Then the invitation to write chapters had come in. Then the solicitations to write texts came in. A dozen books later, I was wealthy. So, I decided to pack up and move from the frozen Midwest to sunny New Mexico. I had fallen in love with the place five years ago when I had come to Albuquerque for an annual conference, and had sworn then that I would be back. "I never dreamed it would happen so fast," I was saying, when the phone rang.
"Is this Doctor Anderson?"
"Yes. Who's calling, please?"
"My name is Helen Montague. I don't know if you remember me, Doctor Anderson, but we had a date ten years ago, and you referred me to…"
I cut her off. "I remember like it was yesterday, Helen." It was true. Her bifurcated biceps, her fine, small head, her long graceful neck-they all came back. I remembered how she had reminded me of Audrey Hepburn in Breakfast at Tiffany's as she cried over coffee. And I remembered Liz Rosen telling me how she had changed. "You wore a little black dress the night we saw an avant garde dance production."
"I can't believe it! What an eye for detail you must have!" You have no idea, Helen. You have no idea. "I guess you're wondering why I'm calling after all this time."
"I'm in town for a conference at the Hilton, and I heard you had moved here, and I wanted to call you and…"
I decided I would test her. "And what?"
"And see if you wanted to get together." This was not Ms. Prim and Proper. That was very clear. And it was equally clear that I very much wanted to "get together."
"I would, Helen, I would like that very much."
"Good. Any suggestions?" Liz had done a very thorough job. I made a mental note to write her a long complimentary letter.
"Yes. There's a restaurant I like very much called 'La Comida de las Diosas.' It's only a few block from the Hilton. I know the owner very well."
"Sounds wonderful…David. Will you come by at 6:30?" Liz, if this goes like its sounding, I will do more than write you a long letter.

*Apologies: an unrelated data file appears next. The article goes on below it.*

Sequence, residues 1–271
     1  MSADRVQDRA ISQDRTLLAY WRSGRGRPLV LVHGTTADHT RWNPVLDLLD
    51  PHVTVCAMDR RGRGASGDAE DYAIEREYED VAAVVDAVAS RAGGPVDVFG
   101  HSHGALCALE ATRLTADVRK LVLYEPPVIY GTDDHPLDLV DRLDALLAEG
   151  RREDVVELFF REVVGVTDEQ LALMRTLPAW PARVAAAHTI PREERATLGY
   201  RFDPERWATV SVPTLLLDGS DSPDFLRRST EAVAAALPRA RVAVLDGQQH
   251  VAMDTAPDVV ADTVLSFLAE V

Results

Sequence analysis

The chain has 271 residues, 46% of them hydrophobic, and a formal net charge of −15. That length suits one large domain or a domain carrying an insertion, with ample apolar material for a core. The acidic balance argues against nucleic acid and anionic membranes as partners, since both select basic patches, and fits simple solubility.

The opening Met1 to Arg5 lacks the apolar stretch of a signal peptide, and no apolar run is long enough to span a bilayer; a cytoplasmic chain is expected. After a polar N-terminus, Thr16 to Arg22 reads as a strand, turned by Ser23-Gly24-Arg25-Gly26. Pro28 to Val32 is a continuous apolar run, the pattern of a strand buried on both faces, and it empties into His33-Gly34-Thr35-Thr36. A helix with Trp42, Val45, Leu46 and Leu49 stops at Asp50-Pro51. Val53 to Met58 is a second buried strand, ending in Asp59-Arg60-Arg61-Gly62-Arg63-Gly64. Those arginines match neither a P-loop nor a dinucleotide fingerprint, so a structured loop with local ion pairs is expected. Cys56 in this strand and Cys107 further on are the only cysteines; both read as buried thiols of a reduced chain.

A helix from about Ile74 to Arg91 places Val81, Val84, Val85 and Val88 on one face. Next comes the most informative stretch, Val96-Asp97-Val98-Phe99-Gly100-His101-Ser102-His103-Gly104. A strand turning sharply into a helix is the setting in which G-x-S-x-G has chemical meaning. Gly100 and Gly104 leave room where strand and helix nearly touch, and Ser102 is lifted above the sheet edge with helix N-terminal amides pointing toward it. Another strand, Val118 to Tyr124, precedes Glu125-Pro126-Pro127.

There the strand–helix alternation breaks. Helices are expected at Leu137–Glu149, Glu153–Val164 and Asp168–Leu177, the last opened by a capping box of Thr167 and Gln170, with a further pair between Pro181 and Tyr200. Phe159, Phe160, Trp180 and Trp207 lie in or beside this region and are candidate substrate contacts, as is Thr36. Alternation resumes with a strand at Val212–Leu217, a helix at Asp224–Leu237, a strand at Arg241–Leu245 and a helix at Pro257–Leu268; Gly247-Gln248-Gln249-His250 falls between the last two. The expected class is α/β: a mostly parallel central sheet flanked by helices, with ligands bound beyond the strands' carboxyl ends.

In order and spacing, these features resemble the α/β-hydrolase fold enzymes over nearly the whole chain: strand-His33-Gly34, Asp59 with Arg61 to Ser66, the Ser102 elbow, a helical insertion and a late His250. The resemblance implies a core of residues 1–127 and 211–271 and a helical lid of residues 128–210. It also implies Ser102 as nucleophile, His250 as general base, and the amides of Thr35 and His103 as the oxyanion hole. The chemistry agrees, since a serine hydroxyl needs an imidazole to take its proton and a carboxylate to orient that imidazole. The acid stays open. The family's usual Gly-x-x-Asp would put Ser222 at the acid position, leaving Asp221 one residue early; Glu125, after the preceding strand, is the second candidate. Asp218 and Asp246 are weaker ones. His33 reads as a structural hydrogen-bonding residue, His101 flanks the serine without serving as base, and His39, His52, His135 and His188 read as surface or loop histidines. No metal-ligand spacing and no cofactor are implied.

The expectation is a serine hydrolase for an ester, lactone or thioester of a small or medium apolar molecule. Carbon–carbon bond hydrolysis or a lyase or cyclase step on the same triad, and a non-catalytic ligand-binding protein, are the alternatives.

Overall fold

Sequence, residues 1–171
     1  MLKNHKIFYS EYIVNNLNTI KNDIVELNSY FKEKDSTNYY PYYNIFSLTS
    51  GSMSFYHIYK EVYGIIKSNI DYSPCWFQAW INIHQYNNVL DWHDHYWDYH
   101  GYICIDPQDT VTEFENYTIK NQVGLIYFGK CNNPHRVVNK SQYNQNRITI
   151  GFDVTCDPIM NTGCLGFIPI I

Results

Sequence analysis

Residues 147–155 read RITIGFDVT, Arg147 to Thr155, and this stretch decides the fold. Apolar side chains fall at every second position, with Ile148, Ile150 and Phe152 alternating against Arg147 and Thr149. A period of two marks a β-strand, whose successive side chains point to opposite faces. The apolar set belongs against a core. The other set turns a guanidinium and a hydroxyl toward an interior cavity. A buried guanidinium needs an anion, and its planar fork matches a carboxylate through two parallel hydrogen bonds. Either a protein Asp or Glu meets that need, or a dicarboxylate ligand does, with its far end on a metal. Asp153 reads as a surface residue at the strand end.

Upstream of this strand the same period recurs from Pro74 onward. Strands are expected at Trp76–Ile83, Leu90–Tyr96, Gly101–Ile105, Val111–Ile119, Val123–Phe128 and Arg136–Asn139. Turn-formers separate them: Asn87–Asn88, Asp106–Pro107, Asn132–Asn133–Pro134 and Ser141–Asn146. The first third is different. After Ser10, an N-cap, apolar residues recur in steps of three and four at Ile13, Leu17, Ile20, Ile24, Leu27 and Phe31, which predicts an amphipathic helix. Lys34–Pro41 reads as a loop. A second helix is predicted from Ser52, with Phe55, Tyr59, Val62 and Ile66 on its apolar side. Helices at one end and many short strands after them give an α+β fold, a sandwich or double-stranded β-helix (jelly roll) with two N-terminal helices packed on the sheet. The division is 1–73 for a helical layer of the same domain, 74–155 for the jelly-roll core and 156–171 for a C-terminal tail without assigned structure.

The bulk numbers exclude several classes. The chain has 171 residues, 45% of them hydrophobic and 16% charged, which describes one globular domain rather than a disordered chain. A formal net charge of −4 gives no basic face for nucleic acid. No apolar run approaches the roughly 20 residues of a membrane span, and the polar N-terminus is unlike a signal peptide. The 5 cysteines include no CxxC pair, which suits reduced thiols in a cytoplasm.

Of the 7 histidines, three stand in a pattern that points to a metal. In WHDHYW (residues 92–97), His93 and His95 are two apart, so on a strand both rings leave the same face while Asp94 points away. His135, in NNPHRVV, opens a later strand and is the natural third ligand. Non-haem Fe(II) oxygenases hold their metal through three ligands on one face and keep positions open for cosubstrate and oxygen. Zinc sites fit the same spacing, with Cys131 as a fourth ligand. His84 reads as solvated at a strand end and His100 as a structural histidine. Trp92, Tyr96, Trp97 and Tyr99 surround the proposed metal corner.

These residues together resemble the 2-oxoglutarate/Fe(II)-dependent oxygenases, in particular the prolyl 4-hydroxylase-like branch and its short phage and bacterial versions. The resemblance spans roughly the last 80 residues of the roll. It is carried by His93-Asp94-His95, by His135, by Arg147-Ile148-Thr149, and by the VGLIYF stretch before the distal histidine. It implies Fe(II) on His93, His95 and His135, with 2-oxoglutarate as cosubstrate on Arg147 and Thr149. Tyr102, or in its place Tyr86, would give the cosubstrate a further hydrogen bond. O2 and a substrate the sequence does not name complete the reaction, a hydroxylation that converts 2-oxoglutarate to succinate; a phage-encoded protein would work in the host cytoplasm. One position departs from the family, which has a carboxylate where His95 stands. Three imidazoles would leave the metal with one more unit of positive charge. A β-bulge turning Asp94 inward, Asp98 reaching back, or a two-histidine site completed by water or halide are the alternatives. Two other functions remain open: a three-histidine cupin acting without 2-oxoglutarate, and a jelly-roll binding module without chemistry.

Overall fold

"I'll see you then, Helen. Oh! By the way, how will I recognize you?"
"You'll recognize me, David…trust me. You will."
I had nearly fallen over backwards when I saw Helen in the lobby of the Hilton. She was standing by the concierge's station, looking for all the world as if she had stepped from the cover of a magazine that reported the activities of the ten most beautiful women in the world, and I told her so. "Helen," I said. "You look absolutely fantastic."
She took me in her arms and kissed me right in front of the concierge. "I owe my life to you, David. To you and Elizabeth Rosen, I mean." She began to cry.
I took a handkerchief from my pocket and began to dab her tears. "You'll spoil your makeup, Helen."
"I don't care." She stepped away and pirouetted. She was ageless. Anyone passing by would have thought she was twenty-five years old. "Look at me, David!" She demanded. "I'm alive, thanks to you and Doctor Rosen. Do you see?"
"I do." She was not only "alive," she was as lithe and as muscled as a panther. The arms I had admired ten years ago were as remarkable as they had been then. Her calves were balletic, her rump high and protuberant, her shoulders broad and square, and her hair-the hair that had once been tied back with such force was now worn loose; its wavy tresses framing her small, fine-featured head.
José Velasquez, the owner of La Comida and my good friend, had come to our table to welcome us. He bowed dramatically and took Helen's hand. He kissed it theatrically. "Encantado a de conocerle-I am enchanted to make your acquaintance!" Helen blushed crimson.
"Thank you, señor Velasquez. I am happy to meet you." José gave me a conspiratorial wink and a roll of his eyes. He had seen me with many a woman, but something in his gestures conveyed more than simple appreciation. "The meal is…how you say, 'sabrosa,'" Helen said.
"I am happy you enjoy it," said my Mexican friend. "I cook it myself-my friend David he call me on the telephone to say he was bringing someone very special with him. Now I see he was correcto!" Helen blushed again.
My friend bowed again and excused himself. "I must go back to the kitchen. Again, I must say, I am enchanted!" And with that, he was gone.
Our meal was long finished, but we lingered over a glass, then two, bringing each other up to date. Helen said she had taken a job as the administrative assistant to the dean of the university after a short stay as a transcriptionist for Simmons, of all people. Her analysis with Liz Rosen had been remarkably fast-moving, and she soon found herself bored with transcribing. With a solid recommendation from Simmons, she interviewed for and got the job as administrative assistant to the dean of the university. As her analysis progressed, she had found that her secret fantasy life before the mirrors in her basement had lost its appeal, and she hungered for a relationship with a real man for the first time in her adult life.